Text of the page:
OK, it’s finally happened so hopefully talking heads can stop obssessing about this magic number. Traders in the more esoteric spaces, like non-agency mortgage bonds, are even feeling the love. We get another round of bank earnings tomorrow, including Goldman Sachs, which if they’re anything like JP Morgan, could ignite even more euphoria in markets.
All the goldbug fever, not withstanding today’s pullback in the yellow metal’s price, got me thinking about just how well has gold stacked up against say stocks and oil over the longer term. I picked 2004 as a starting point for no other reason than it gives enough distance from the mania of the credit bubble and the distortion of its popping.
It’s hard to believe that little over a month ago, investors were holding their breath to see if the S&P 500 had enough momentum to burst through 950 – a psychological level that had held firm since November of last year. Carry through buying Monday from last week’s renewed cheer that the U.S. and global economies were leaving recession behind has pushed the S&P 500 to 1033, its highest level since Oct. 6, 2008 when it traded at 1056.89.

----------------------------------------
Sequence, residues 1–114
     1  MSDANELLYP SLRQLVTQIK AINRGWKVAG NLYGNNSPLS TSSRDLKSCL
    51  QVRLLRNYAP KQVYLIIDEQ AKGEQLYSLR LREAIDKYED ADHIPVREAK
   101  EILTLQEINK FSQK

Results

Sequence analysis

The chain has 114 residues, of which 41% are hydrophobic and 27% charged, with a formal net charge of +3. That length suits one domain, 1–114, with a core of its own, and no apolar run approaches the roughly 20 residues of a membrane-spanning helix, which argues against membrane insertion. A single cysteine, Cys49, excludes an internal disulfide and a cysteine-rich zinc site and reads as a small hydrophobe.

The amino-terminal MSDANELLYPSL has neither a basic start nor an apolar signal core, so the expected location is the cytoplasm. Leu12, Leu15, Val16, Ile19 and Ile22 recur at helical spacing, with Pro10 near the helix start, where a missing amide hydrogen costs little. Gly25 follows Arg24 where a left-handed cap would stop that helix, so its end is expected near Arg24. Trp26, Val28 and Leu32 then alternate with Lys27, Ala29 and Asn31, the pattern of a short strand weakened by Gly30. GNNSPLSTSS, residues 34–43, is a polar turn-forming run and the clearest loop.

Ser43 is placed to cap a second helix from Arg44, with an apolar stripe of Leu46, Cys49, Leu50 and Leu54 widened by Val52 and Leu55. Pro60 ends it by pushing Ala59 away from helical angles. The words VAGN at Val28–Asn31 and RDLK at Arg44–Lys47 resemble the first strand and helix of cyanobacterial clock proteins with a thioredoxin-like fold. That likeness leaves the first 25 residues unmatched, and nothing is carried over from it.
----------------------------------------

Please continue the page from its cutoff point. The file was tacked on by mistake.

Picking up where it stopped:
Yowza is the word that comes to mind when looking at the major stock gauges. The DJIA has burst through 9,000 and the S&P 500, up 2.2%, at 975. Reuters is chalking it up to strong second quarter earnings and a pop in existing home sales. The pace of the rally in recent weeks, however, is starting to send signals that this may be overdone.